James Krenov shaped the world of handmade furniture in the late 20th century by introducing a new aesthetic, an approach to woodworking that emphasized grain and joinery. He also influenced generations of students.
This beautifully written biography of Krenov, by Brendan Berhardt Gaffney, brims with the details of his life that have been hidden from view. It is full of interviews, letters, press clippings and archival photographs.
Born in Siberia
As a young boy, james krenov was born in Siberia to Russian nobility. His parents had escaped St. Petersburg during the Russian Revolution and had relocated to Shanghai and Alaska before moving to Seattle and then Sweden.
Krenov grew up among native peoples, living in remote villages where he learned to make furniture. He said that his experiences in Siberia, Alaska and Sweden influenced him as a designer and artisan.
He remained in Sweden for most of his adult life. During the winters, he worked at dreary factory jobs, but he spent his summers in a van traveling Europe with his life partner Britta.
The first of his four books, “A Cabinetmaker’s Notebook,” was a major turning point in the revival of interest in handmade furniture. But it was a book that was only the beginning of what would become a rich career in woodworking, teaching and publishing.
Moved to Sweden
In 1947, Krenov left his home in Russia for Sweden. He was a self-taught carpenter who found a lot of unsatisfying work at an electrical appliance factory, but whenever he could, he travelled Europe.
He enrolled in a school run by Carl Malmsten, a leader of the Swedish Arts and Crafts movement who also trained many of the country’s most influential cabinetmakers. Like Malmsten, Krenov was interested in the functional side of furniture; he wanted to create pieces that were both beautiful and practical.
At the same time, he sought out a way to work with wood that involved the maker and the material. He also longed to reach out to people through his work.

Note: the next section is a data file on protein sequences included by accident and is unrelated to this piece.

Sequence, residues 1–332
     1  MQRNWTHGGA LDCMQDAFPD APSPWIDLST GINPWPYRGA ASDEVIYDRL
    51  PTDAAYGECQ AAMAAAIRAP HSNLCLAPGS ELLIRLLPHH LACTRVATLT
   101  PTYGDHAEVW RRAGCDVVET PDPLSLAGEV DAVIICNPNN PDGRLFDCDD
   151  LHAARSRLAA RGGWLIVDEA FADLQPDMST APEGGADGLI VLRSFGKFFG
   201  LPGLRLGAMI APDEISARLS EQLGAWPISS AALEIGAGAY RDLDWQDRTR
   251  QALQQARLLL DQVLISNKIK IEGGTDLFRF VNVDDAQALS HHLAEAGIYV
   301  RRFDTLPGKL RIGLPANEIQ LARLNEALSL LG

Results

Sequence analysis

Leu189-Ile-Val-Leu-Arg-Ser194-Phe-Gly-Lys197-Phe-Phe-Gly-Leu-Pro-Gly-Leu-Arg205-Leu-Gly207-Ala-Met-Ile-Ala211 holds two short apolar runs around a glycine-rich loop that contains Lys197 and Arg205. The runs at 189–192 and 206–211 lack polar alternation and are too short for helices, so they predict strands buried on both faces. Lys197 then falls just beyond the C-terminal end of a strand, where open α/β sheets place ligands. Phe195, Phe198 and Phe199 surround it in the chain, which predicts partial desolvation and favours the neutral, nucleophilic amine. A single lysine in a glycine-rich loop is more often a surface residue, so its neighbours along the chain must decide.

After a few years in Sweden, Krenov moved to California in 1981, where he founded the College of the Redwoods Fine Furniture Program. Over the next two decades, hundreds of passionate and dedicated woodworkers learned from Krenov’s unique perspective. His first book, A Cabinetmaker’s Notebook, articulated his vision for a new approach to woodworking.
Became a cabinetmaker
The long-haired, bearded krenov crafted cabinets until his failing eyesight prevented him from working. His work is displayed in museums in Sweden, Norway, Japan and the United States.
He began his career as a boat builder in Seattle, then moved to Sweden to study cabinetry with Carl Malmsten, considered the father of Swedish furniture design. He soon gained a following and started lecturing around the world.
In 1968 he was invited to teach at the Rochester Institute of Technology in New York. Krenov wrote three books, including his first, “A Cabinetmaker’s Notebook,” which is considered one of the best books about woodworking.
In 1981 Krenov persuaded the College of the Redwoods in Fort Bragg to start a program dedicated to fine woodworking and furniture making, which he ran until his retirement in 2002. He was an internationally recognized figure who mentored hundreds of students, wrote five books and impacted the field of woodworking in many ways.
Moved to California
As a cabinetmaker, you build furniture to order and work with customers to create pieces that will be as beautiful and functional as possible. A career in cabinetmaking can lead to a variety of different opportunities.
Krenov was one of the first cabinetmakers to introduce American woodworkers to a new way of approaching furniture making. He was influenced by the Swedish furniture designer Carl Malmstem and his deep respect for the process and artistry involved in making fine pieces.
When he moved to California in 1981, Krenov developed and directed the College of the Redwoods’ Fine Furniture Program. His students traveled from all over the world to learn his craft.
In addition to his own practice of furniture making, Krenov was also a popular lecturer. He taught in the USA, Sweden and Norway.